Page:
Emotional attraction is powerful.
It often comes with a drug-like feeling of euphoria that has a dangerous blinding effect — on otherwise intelligent people.
Don’t overdose on emotional love because it can lead to a delusional state of stupidity.
Most relationships begin with higher doses of emotional love, but emotions typically don’t last long, and they always change.
Women are particularly vulnerable to this when they allow themselves to be in love with the idea of being in love. They’ve dreamed of a wedding and marriage; a husband and a family. Now they’ve found a man to fulfill their dreams!
I am quick to remind singles that it’s one thing to be in love and an entirely different thing to love someone for life. Emotions change quickly in the routines and challenges of life together.
The danger with emotional love is that it can lead very smart people into a delusional euphoric state of stupidity.
Have you ever witnessed this? It’s tough to watch a friend become irrationally obsessed with another person — especially when you see red flags about the relationship but they don’t.
The delusional part is often the irrational thinking about how well you know another person when you’ve only actually known him for a short time. Or, when you think that another person is perfect and you can’t see any flaws in her. It’s delusional when you let yourself think that you could never be happy without that person and you think you have to be together all the time to be happy.
This kind of euphoric state (often called the “in love” experience) tends to come with a number of superficial conclusions based on limited exposure. People in this “in love experience” typically exaggerate similarities and good qualities while overlooking differences and quirks.
Then when caring friends or family express concerns, the delusional lover doesn’t tend to hear them or says, “You just don’t know him as well as I do.”
Warning: The euphoria of love can move from delusional to dangerous when people are unwilling to see red flags.
Advice: Let your head lead your heart.
Let your head lead your heart when it comes to relationships. Use your brain! Don’t give your heart to anyone until your head has processed the necessary data to tell you that you are making a wise decision. If you give your heart to a bad relationship and I try to talk your head out of it, no matter how much I might make sense, I will probably not be very successful.
Emotional love is a natural part of human attraction, but don’t allow it to lead to a delusional euphoric state of stupidity. No matter how good it feels, always be aware that it can produce a blinding effect that hinders rational thinking and wise decision-making. It can also lead to profound disappointments and perhaps even contribute to divorce.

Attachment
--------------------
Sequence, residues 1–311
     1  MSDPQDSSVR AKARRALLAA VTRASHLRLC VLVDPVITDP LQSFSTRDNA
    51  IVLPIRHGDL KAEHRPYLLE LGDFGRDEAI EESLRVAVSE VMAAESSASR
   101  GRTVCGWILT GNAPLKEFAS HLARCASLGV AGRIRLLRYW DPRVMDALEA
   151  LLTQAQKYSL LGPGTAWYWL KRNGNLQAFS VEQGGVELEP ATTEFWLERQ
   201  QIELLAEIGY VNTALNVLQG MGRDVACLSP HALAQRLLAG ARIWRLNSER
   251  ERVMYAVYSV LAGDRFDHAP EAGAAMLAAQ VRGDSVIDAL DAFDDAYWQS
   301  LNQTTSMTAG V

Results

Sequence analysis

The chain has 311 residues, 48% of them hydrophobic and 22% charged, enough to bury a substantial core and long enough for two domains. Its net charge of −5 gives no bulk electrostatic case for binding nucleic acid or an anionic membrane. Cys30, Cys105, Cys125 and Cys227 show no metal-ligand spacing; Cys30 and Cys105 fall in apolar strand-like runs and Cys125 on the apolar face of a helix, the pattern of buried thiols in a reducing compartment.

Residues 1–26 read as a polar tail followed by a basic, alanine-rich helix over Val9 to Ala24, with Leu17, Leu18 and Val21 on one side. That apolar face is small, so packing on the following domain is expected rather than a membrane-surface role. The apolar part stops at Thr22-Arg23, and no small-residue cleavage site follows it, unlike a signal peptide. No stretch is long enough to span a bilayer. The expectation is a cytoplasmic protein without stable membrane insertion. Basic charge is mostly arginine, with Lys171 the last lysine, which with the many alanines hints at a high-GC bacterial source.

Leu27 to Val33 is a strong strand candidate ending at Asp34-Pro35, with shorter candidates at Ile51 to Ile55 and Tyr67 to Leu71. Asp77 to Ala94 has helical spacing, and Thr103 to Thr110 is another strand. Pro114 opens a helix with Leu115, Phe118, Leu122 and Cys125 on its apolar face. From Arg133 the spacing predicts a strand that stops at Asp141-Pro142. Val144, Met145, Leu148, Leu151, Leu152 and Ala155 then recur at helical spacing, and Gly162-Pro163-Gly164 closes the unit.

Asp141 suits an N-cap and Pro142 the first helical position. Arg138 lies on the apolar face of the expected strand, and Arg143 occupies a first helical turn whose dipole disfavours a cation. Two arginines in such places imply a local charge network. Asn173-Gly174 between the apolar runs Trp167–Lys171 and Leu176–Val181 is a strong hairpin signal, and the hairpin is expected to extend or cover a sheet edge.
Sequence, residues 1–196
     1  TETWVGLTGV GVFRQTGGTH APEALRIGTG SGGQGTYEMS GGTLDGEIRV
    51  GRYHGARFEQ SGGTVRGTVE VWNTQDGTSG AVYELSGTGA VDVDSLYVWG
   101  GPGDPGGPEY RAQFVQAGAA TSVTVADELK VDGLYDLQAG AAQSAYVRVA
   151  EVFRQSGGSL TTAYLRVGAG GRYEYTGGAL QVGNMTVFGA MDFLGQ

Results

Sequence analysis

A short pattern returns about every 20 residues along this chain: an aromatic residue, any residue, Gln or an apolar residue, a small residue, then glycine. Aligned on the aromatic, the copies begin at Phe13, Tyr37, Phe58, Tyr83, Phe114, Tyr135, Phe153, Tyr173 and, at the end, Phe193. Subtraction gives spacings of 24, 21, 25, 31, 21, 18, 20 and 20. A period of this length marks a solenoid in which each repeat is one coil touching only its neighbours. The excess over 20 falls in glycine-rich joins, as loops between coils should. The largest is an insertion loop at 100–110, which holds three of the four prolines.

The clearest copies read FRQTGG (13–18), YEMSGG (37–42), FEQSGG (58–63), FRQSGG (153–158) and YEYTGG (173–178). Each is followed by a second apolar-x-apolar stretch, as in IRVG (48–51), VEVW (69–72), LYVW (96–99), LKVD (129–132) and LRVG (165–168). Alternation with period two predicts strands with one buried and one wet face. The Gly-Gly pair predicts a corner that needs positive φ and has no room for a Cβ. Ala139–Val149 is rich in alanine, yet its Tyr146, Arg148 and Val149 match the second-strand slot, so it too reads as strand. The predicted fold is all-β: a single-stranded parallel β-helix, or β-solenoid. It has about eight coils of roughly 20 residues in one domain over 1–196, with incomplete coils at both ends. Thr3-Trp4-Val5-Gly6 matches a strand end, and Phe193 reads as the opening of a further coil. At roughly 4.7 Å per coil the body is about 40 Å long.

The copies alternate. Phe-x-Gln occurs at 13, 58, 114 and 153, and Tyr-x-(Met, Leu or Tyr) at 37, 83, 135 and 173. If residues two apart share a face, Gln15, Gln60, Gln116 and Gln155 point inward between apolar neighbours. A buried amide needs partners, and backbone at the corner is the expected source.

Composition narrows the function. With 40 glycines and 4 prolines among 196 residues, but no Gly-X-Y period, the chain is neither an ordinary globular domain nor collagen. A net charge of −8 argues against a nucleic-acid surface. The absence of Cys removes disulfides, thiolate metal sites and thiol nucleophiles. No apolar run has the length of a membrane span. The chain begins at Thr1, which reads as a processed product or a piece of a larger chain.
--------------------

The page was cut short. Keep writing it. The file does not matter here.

Although people who are “in love” tend to think that the feelings will never change, studies show that the euphoria diminishes early in marriage. This often comes as a surprise or even a shock to the delusional lover. When feelings fade and differences emerge, conflicts become a reality. Delusional lovers often don’t have a plan for resolving conflicts because they don’t think they’ll have any. This is why they tend to be unrealistically traumatized by conflicts.
When this reality hits, it can make people wonder what they were thinking or why their partner changed. “I didn’t see this side to him or her when we were dating.” they tell me. I gently remind them that sides to people don’t appear out of no where. Character traits are typically cut in deep channels with extended histories. So either he was concealing or you weren’t looking — probably both!
Remember that dating often tends to be a time when people conceal information that marriage will inevitably reveal. This is why we must guard our hearts and use our brains.
Someone once recommended that we should focus on becoming the person that the person we’re looking for is looking for. Start first by becoming the person that your future spouse needs. This will more likely lead you to attract and be attracted to the right kind of person.
We also need a more mature understanding of love. Emotional love tends to be more selfish, more about how I like to feel. Those who are obsessed with emotional love reveal their immaturity.
Immature people are not going to enjoy deep companionship in a functionally healthy marriage. Perhaps the best advice an emotionally obsessed person can hear is that it’s time to grow up and stop making life about your feelings.
The emotional dimension of love (no matter how natural) is not enough to sustain a meaningful and lasting relationship. It’s far too superficial. Deeply satisfying relationships are built on the dimension of love I call “behaving in love.”
This dimension does not depend on feelings and chemistry. It’s based on a choice to value my mate and seek his or her best. It’s a daily decision to respond to my mate in a loving manner — regardless of feelings. While I can’t always make myself feel a certain way, I can always choose to act in a loving way.
Most marriages start with higher doses of emotional love and, in most relationships, the feelings diminish with time. When this happens, the key to love is not pursuit of feelings — but a choice to act in love even when we don’t feel love. And what I’ve learned is that the feelings often follow the actions.
I am not advocating dishonesty about feelings but a priority on and enjoyment of a more mature approach to love. Marriage is not about feeling love but an agreement to love.